By combining a tilting platform, an acrylic dome and a light source that mimics the sun, MIT researchers are creating a device that will help manufacturers design window systems that bring more daylight into buildings while controlling incoming solar radiation. The result should be significant energy savings and more contented occupants.
More than a third of the energy used in the United States is consumed in buildings, and 25 to 40 percent of that is used to run electric lights. In many cases, daylight could be used instead. "Depending on the building and how it's used, a good daylighting strategy can reduce the need for energy-consuming electric lighting by 20 to 80 percent," said Professor Marilyne Andersen of the Department of Architecture.
The trick is to redirect incoming sunlight so that, for example, it bounces off a bright ceiling, bringing daylight farther into the room. Blocking the infrared component--the heat--or redirecting it to heat-retaining concrete structures in the ceiling can reduce the need for air conditioning and heat, adding to the energy savings.
Companies now make window coatings, solar blinds and other systems that redirect or selectively filter incoming sunlight. "But for such products to be effective, building experts need to know exactly where the light rays go after they've passed through the coated glass or reflected off the blinds," said Andersen. Getting it wrong can lead to glare and overheating. Down comes the shade, cutting out both daylight and the view of the passing day and changing weather--factors believed to improve productivity, well-being and even health.
Determining how a piece of coated glass affects light seems simple. Just shine a light beam through it and use a light meter to measure intensity at various locations on the other side. But seeing how all the light is dispersed requires measuring at thousands of points--and still there are unmeasured spots in between. Moreover, since the sun moves and the brightness of the sky varies over time and space, the process must be repeated with the light source at different incident angles.
In the MIT HelioDome project, Andersen and her students are developing an innovative system that can measure the emerging light at every point, all at the same time--and then easily change the incident angle and repeat the process.
Key to their system is an ellipsoidal acrylic dome coated with a mirror on the inside. Placed on a flat surface, the dome (like all ellipses) has two focal points. A light ray shining upward from one focal point will bounce off the mirrored inside of the dome and return to the other focal point, regardless of the angle at which the ray leaves the first focal point.
To test a sample of, say, coated glass, they place it at one of the focal points. At the other focal point, a fish-eye lens protrudes from the flat surface. A beam of light (including the full solar spectrum) shines through the piece of coated glass from below, and rays emerge at various angles. They hit the mirrored dome at different locations and then all bounce back to the fish-eye lens. With a sample that reflects, the light beam enters through the top of the dome onto the sample, and the reflecting rays bounce off the mirror to the lens.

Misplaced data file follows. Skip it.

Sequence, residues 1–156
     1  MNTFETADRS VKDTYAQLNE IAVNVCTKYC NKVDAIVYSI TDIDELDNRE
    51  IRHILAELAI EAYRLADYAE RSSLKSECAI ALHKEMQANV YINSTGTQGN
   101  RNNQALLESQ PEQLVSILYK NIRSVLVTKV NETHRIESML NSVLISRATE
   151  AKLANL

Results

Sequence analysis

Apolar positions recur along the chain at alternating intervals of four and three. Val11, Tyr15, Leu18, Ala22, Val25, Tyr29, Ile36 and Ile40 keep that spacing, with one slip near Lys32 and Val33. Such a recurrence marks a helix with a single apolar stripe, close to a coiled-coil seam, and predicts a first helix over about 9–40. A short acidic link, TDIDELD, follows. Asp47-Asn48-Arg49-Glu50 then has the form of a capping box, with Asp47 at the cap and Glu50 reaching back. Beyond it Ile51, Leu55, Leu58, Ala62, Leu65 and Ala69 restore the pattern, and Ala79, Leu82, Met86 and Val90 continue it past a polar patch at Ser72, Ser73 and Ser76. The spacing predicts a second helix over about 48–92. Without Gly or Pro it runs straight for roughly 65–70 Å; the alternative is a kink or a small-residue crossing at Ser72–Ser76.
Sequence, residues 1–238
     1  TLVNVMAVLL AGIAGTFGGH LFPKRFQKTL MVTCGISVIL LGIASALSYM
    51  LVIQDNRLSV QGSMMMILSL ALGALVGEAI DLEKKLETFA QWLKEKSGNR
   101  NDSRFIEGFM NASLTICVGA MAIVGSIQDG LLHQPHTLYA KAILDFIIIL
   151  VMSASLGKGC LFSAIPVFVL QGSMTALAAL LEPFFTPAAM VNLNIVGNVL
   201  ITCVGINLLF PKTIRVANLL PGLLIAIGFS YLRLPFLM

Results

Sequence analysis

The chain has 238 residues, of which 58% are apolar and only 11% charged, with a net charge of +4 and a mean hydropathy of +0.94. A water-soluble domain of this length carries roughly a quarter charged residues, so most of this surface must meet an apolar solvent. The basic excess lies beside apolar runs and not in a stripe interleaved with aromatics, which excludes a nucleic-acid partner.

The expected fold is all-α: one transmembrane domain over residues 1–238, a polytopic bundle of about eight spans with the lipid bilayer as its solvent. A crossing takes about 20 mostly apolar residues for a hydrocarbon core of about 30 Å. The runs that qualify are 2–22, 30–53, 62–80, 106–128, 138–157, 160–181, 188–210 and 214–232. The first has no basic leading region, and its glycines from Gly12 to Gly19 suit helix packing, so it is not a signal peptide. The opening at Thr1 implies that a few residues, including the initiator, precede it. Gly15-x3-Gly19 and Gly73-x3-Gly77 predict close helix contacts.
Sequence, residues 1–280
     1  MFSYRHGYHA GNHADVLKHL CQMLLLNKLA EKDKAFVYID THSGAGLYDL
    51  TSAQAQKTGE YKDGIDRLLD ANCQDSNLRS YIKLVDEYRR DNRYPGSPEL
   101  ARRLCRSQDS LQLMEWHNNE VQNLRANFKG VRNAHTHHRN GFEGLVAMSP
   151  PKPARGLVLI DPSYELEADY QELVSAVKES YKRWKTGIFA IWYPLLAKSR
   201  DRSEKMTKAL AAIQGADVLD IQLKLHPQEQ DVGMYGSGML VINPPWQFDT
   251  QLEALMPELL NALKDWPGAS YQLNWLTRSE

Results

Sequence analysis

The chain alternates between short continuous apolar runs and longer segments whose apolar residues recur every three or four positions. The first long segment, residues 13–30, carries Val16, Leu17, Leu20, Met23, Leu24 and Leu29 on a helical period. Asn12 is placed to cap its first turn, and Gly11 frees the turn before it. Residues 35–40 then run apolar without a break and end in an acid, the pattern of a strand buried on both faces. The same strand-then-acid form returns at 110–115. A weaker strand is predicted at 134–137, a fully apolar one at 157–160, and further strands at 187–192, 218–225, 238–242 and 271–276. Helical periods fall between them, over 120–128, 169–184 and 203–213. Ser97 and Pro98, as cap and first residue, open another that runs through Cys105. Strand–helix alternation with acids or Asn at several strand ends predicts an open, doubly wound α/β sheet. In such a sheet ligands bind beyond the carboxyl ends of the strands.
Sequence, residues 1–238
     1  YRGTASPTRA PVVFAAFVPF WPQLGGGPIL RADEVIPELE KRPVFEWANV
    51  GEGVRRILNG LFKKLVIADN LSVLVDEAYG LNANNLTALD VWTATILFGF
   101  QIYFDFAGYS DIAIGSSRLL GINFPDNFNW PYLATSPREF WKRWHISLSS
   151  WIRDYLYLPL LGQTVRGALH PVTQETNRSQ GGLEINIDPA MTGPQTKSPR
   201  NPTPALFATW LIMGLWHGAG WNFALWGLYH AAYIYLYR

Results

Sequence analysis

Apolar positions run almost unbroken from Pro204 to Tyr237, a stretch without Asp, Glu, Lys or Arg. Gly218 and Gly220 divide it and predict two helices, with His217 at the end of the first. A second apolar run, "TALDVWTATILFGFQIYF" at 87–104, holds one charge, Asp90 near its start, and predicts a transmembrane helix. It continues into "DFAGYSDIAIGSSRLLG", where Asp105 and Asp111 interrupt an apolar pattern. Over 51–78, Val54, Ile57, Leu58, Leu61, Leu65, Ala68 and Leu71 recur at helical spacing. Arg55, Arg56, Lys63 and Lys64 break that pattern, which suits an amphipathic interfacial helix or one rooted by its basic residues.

Because the lens "sees" light coming in at all angles, the camera can take a digital photo of light reflected by the entire dome. Each pixel in the digital image corresponds to a single point on the dome, therefore to light leaving the sample at a single angle, and its intensity indicates how much light came via that pathway.
"So we get complete information in one image instead of making thousands of point measurements," said Andersen. "It's continuous information, and it's obviously much more time-efficient."
Changing the incident angle of the light is also easy. The dome rests on a specially designed computer-controlled 5-foot-diameter platform that can tilt at various angles to the light source. (The platform is also proving ideal for seeing--for a given latitude and season--how sunlight illuminates and penetrates a scale model placed at its center.)
The researchers' next task is to calibrate the system. They need to establish the relationship between pixel location and light angle and between intensity and light quantity. They are also developing analytical methods to determine the pathways taken by light of specific wavelengths--a prerequisite to controlling the heat component.
"Calibrating the device is very complicated, but we only have to do it once," Andersen said. "After that, using the device to test samples will be very fast." The data generated will help manufacturers improve their products and will enable Andersen and others to incorporate state-of-the-art window systems into building-simulation tools used by architects. The result will be better products used to their best effect.
This research was supported by the National Science Foundation.